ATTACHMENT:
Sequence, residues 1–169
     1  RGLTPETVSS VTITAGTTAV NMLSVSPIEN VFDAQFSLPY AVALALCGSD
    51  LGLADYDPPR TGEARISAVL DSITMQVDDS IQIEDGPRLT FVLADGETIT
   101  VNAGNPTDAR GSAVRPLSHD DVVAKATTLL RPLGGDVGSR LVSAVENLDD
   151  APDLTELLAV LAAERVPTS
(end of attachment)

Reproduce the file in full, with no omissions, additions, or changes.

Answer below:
Sequence, residues 1–169
     1  RGLTPETVSS VTITAGTTAV NMLSVSPIEN VFDAQFSLPY AVALALCGSD
    51  LGLADYDPPR TGEARISAVL DSITMQVDDS IQIEDGPRLT FVLADGETIT
   101  VNAGNPTDAR GSAVRPLSHD DVVAKATTLL RPLGGDVGSR LVSAVENLDD
   151  APDLTELLAV LAAERVPTS